Upstairs, L’ Abeille is the Shangri-La Hotel’s gastronomique restaurant – a sumptuous dining room furnished in luxe silver, grey and taupe, bathed in the soft light of two Michelin stars. We can’t vouch for it personally, but reliable reports peg chef Phillippe Labbé’s work as being on par with Ducasse at the Plaza Athenee and Eric Briffard at Le Cinq. What we can vouch for is the proper use of the term “gourmand” on the breakfast menu at the hotel’s third dining space, La Bauhinia. It makes us want to offer violence when we encounter the word used as an interchangeable, less 1980s term for “gourmet”. It doesn’t mean that at all. In La Bauhinia, as your frothy cappuccino arrives with the Shangri-La Hotel’s logo sprinkled on the top of far too much foam, you can order from the “pour les gourmands” section of the breakfast menu: choose from “pancakes au sirop d’érable” or “crépes de froment au sucre ou au chocolat”. And then get yourself downstairs to the gym, fast.

Service throughout the Shangri-La Hotel is overwhelmingly friendly, courteous and helpful. The concierge team was able to arrange, at very short notice, our timed-entry tickets to an exhibition at the neighbouring Musée d’Art Moderne; afterwards, the concierge discussed the show with us with genuine interest and enthusiasm. We wondered if staff are despatched to view the current shows there and at the adjoining Palais de Tokyo as part of their training or if, better, that’s just something they like to do of their own volition.

A freshly minted spa (the health club and pool opened at the end of 2012) is located in the lower levels, as is a substantially sized indoor swimming pool. (Here, as in every other hotel spa Civilian can think of, the changing rooms are equipped with some of the tiniest slippers known to man. In some anonymous factory in the middle of nowhere, a conveyor belt is churning these out ad infinitum, presumably beneath a marquee emblazed “One Size Fits None”.) While the pool setting is classic, with columns either side and a trompe l’oeil ceiling so backstrokers can gaze into a false sky, an adjoining outdoor seating area looks substantially more contemporary, all raw wood and wrought iron (but with a view onto an admittedly quiet side-street).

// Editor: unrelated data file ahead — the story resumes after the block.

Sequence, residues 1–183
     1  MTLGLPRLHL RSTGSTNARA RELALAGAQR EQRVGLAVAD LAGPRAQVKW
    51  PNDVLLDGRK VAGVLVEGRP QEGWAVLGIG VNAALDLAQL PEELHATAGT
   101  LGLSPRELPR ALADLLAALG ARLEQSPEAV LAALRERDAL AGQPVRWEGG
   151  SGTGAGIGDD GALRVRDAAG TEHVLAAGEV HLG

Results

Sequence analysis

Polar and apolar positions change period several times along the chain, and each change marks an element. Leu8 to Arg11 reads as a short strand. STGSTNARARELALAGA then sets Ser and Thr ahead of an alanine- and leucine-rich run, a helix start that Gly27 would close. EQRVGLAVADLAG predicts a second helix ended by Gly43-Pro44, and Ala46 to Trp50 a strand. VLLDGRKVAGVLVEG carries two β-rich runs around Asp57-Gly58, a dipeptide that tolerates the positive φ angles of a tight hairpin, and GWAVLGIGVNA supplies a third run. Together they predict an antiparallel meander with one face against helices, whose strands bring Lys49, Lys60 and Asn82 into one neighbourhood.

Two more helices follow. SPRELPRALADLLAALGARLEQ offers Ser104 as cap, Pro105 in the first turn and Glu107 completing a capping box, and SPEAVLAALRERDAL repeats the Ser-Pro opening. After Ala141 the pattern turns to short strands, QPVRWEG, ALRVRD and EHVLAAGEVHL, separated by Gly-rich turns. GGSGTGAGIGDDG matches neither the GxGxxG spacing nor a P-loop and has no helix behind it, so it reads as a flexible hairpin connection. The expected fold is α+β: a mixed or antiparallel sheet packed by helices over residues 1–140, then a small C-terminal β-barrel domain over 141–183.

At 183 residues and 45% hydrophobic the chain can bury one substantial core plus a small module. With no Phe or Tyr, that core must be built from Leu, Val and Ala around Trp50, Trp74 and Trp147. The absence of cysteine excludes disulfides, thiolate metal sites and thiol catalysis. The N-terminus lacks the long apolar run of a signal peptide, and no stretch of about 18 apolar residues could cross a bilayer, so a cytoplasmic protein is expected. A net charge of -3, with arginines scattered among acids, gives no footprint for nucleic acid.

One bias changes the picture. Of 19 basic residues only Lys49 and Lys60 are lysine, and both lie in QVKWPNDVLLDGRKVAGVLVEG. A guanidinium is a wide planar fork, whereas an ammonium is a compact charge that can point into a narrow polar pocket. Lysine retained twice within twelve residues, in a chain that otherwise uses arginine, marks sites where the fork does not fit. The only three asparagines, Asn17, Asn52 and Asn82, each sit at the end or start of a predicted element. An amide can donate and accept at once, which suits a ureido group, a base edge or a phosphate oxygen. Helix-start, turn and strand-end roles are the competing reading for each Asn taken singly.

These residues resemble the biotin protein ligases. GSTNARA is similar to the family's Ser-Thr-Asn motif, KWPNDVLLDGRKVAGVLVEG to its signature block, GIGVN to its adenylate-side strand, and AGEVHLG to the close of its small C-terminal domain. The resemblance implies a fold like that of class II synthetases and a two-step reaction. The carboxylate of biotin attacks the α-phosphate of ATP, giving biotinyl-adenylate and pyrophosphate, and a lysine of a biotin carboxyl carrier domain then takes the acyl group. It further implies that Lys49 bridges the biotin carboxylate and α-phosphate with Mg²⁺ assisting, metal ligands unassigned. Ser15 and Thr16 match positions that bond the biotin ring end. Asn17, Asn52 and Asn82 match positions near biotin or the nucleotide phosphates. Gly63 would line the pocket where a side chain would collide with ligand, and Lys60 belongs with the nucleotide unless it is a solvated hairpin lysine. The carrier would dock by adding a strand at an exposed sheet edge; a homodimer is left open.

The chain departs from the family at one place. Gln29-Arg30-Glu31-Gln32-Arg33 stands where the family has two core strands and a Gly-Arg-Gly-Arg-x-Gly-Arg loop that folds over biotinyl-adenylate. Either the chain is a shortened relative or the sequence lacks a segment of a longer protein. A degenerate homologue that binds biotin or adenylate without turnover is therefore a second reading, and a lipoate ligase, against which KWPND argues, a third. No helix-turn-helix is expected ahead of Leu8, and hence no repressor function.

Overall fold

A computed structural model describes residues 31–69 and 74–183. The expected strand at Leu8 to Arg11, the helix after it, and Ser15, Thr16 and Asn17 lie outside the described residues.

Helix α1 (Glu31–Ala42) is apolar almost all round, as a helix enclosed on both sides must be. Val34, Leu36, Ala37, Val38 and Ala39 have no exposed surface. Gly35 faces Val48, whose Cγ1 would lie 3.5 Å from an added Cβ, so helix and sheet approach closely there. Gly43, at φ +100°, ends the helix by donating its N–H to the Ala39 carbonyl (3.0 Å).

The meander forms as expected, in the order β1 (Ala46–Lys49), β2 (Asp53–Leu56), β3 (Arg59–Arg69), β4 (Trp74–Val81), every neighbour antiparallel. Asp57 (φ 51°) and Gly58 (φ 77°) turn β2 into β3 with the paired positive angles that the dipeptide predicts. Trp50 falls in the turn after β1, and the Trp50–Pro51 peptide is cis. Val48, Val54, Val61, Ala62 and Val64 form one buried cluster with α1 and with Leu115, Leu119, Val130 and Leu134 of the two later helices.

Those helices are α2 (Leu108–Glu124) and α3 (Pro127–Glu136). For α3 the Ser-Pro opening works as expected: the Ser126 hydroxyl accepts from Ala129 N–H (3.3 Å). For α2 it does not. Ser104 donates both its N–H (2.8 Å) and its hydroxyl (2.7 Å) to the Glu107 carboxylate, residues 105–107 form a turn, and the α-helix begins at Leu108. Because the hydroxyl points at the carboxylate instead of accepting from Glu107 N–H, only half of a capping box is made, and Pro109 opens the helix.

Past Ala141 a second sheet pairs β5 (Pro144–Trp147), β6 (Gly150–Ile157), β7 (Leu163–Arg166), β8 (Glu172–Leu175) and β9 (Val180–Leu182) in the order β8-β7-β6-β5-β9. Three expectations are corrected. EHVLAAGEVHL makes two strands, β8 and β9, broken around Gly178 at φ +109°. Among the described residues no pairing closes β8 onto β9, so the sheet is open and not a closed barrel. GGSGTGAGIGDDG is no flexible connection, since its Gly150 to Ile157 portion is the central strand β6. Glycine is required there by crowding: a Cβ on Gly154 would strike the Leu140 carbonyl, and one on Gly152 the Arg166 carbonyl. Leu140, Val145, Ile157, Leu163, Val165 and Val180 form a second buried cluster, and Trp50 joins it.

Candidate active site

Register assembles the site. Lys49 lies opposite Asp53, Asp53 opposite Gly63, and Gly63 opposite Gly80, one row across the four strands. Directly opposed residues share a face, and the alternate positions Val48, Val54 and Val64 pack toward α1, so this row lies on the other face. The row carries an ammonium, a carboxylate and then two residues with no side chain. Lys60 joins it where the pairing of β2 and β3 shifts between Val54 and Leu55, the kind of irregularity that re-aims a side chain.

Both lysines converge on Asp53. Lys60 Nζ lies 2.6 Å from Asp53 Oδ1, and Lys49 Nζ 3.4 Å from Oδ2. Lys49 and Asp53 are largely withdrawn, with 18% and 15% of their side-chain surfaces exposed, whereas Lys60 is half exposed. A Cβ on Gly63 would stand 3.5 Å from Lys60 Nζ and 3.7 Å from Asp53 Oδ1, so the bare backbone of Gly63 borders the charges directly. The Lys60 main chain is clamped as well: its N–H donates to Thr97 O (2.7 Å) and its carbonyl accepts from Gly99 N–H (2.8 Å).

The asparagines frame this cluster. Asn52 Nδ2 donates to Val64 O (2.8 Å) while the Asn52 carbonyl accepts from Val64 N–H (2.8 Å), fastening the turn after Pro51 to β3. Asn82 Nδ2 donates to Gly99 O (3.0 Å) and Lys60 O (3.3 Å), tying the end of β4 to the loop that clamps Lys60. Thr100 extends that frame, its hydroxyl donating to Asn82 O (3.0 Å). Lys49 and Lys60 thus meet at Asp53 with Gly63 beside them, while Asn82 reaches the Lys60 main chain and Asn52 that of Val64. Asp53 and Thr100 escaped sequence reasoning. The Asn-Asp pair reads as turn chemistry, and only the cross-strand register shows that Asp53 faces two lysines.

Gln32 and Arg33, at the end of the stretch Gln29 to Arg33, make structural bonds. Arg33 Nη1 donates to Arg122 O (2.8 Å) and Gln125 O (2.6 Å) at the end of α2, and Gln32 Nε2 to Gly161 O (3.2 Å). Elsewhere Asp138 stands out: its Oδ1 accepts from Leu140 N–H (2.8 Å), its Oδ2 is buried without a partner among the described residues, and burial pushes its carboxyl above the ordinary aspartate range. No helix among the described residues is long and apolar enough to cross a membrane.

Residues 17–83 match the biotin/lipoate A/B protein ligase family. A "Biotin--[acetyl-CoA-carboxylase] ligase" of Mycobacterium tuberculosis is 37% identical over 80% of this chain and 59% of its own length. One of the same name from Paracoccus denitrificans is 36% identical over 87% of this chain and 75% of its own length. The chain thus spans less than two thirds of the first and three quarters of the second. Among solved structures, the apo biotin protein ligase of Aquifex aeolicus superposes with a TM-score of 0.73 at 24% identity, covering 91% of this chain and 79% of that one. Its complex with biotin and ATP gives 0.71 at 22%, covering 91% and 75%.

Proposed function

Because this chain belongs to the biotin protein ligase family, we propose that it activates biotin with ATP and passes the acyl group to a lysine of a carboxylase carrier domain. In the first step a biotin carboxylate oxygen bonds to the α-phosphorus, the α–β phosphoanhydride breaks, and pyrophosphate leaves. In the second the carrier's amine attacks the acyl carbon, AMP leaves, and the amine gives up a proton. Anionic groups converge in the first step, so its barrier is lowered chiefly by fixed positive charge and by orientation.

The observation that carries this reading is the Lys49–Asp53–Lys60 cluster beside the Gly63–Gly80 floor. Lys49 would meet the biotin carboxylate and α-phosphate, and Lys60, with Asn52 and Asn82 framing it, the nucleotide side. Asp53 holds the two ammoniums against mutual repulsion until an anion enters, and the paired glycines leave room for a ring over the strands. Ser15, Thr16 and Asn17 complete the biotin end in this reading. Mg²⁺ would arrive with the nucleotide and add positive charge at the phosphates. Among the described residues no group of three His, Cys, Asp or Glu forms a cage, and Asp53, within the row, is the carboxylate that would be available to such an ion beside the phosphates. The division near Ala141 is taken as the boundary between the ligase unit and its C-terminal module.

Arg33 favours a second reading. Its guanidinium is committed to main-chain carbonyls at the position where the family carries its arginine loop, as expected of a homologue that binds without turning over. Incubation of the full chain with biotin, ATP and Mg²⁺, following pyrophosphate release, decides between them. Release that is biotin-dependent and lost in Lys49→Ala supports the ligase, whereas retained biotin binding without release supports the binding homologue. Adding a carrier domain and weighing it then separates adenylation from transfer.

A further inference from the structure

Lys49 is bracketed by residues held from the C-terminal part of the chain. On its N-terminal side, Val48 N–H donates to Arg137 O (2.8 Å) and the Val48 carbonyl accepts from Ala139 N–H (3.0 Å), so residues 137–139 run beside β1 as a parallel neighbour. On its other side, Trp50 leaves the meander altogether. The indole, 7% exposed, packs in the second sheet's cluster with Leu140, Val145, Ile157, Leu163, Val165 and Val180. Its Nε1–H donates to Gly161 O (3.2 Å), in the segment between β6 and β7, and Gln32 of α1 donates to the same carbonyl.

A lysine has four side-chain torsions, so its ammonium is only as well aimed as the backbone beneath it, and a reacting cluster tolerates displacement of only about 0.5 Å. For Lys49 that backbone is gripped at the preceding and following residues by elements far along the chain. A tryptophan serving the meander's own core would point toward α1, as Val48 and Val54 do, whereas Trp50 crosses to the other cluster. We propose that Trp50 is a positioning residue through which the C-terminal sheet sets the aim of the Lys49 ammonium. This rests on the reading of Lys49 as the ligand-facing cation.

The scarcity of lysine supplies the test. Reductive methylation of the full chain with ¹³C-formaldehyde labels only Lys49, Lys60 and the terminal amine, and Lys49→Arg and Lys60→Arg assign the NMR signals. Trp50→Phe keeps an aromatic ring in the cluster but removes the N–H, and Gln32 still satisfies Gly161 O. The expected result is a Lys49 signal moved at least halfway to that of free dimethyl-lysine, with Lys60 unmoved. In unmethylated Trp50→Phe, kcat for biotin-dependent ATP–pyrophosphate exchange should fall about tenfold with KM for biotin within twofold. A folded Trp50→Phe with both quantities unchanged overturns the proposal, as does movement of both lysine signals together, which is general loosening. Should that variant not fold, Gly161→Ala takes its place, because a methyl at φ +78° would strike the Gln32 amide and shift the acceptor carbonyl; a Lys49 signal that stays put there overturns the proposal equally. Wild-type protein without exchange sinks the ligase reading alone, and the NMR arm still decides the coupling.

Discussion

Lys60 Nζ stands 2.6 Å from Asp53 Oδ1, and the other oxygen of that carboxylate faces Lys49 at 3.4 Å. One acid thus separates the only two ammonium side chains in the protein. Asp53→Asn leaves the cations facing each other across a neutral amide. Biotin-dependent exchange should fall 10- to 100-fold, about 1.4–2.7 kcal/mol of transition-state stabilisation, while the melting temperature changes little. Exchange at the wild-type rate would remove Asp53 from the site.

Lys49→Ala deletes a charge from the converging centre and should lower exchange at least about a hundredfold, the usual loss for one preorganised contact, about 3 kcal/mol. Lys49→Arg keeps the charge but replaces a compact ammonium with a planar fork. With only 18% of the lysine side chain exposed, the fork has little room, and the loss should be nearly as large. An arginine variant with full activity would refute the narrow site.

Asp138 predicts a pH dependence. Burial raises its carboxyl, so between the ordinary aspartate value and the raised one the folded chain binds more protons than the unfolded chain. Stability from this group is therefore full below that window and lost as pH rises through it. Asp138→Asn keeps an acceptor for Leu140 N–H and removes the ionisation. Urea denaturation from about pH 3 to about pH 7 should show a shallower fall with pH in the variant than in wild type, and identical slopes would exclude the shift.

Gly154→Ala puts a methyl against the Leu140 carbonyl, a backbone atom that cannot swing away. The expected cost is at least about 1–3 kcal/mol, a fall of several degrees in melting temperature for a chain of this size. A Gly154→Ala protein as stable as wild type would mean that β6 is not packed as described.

When twenty new garden suites open in the summer of 2013, the Shangri-La Hotel will have 101 rooms in total. A number of these give spectacular views onto the Eiffel Tower – although, as Roland considered Gustave Eiffel’s monument rather infra dig, the fabulously ornate grand suite which was once the master bedroom doesn’t face the Tower. For those of us more generously inclined towards it, there can be few experiences more pleasurable than lying in the big bathtub, or on one of the Shangri-La Hotel’s monumentally huge beds, watching the magnesium-bright flashes of the Eiffel Tower’s hourly night-time light-show skitter and dash around the gold-lit structure come midnight. Luxury and glamour all in one: we think the Shangri-La Hotel is Paris to a “T”. C


Shangri-La Hotel, 10 Avenue d’Iéna  75116 Paris
+33 1 53 67 19 98;